Manufacturing sales drop for second straight month in Alberta

Decline mainly the result of lower sales in the petroleum, coal product and chemical industries: StatsCan

Alberta manufacturing sales fell 6.8 per cent in November to $6.3 billion, the second consecutive monthly decrease, says Statistics Canada.

“The decline was mainly the result of lower sales in the petroleum and coal product (-14.0 per cent) and chemical (-9.3 per cent) industries,” said the federal agency on Tuesday.

On an annual basis, manufacturing sales in Alberta actually rose by 3.1 per cent.

Nationally, manufacturing sales fell 1.4 per cent to $57.3 billion in November, the second consecutive monthly decrease. The decline in November mainly reflected lower sales of petroleum and coal products. Excluding this industry, manufacturing sales rose 0.2 per cent, said StatsCan.

It said sales were down in 13 of 21 industries, representing 45.3 per cent of total manufacturing sales. Sales of non-durable goods fell 3.4 per cent to $27.2 billion, while sales of durable goods rose 0.5 per cent to $30.1 billion.

In volume terms, manufacturing sales decreased 0.9 per cent.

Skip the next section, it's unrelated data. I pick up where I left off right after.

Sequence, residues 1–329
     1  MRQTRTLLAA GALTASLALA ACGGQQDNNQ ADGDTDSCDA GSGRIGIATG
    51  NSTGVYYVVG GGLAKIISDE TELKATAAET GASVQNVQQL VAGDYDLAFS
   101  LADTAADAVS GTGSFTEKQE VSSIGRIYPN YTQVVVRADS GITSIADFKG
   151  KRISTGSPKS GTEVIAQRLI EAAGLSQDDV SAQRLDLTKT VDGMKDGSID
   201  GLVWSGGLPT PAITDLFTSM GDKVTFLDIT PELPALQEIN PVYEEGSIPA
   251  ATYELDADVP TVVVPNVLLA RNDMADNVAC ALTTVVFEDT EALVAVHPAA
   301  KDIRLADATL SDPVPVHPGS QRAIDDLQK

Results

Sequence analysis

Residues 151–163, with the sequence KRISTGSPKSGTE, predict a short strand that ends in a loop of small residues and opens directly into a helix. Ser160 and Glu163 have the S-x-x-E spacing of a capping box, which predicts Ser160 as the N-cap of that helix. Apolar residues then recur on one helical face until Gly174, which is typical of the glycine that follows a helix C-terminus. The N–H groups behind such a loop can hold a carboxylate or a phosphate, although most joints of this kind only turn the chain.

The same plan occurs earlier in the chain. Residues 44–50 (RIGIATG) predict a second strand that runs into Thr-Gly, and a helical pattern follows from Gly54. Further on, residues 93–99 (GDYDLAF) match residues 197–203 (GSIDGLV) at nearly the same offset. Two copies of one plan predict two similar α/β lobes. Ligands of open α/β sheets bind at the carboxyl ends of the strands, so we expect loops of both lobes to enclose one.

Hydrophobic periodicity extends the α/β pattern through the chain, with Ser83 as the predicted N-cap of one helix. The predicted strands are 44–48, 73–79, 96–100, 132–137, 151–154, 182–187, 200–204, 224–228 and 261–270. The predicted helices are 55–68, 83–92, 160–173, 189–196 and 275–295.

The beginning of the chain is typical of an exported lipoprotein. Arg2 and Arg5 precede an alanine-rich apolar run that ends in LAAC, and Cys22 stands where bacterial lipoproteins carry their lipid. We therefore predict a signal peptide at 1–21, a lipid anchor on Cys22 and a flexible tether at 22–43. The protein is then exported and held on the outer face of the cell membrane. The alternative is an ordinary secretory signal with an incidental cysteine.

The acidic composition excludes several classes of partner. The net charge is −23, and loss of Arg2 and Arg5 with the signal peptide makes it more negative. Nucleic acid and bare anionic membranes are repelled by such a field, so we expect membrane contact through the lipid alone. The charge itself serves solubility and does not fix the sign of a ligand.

“Sales in the petroleum and coal product industry fell 13.8 per cent to $5.9 billion in November, following two consecutive monthly increases. Lower prices for petroleum and coal products (-6.8 per cent), as well as maintenance and turnaround work at some refineries and lower production at other refineries, contributed to the decline in November. Constant dollar sales of petroleum and coal products declined 8.4 per cent,” said Statistics Canada.

“Chemical product sales fell 2.1 per cent to $4.7 billion in November, following four consecutive monthly gains. There were widespread declines in most chemical manufacturing industries, particularly in the pesticide, fertilizer and other agricultural chemical manufacturing industry. In constant dollars, sales volumes of chemical products fell 1.3 per cent in November.”

On a year-over-year basis, sales were up 2.7 per cent across the country.

“The inventory-to-sales ratio rose from 1.46 in October to 1.47 in November. This ratio measures the time, in months, that would be required to exhaust inventories if sales were to remain at their current level,” said the federal agency.

“Unfilled orders rose 0.3 per cent in November to $96.6 billion, the second consecutive monthly increase. The gain reflected a 0.6 per cent increase in the aerospace product and parts industry to $53.3 billion. Unfilled orders in the aerospace product and parts industry represented 55.2 per cent of total manufacturing unfilled orders.”

– Mario Toneguzzi for Calgary’s Business


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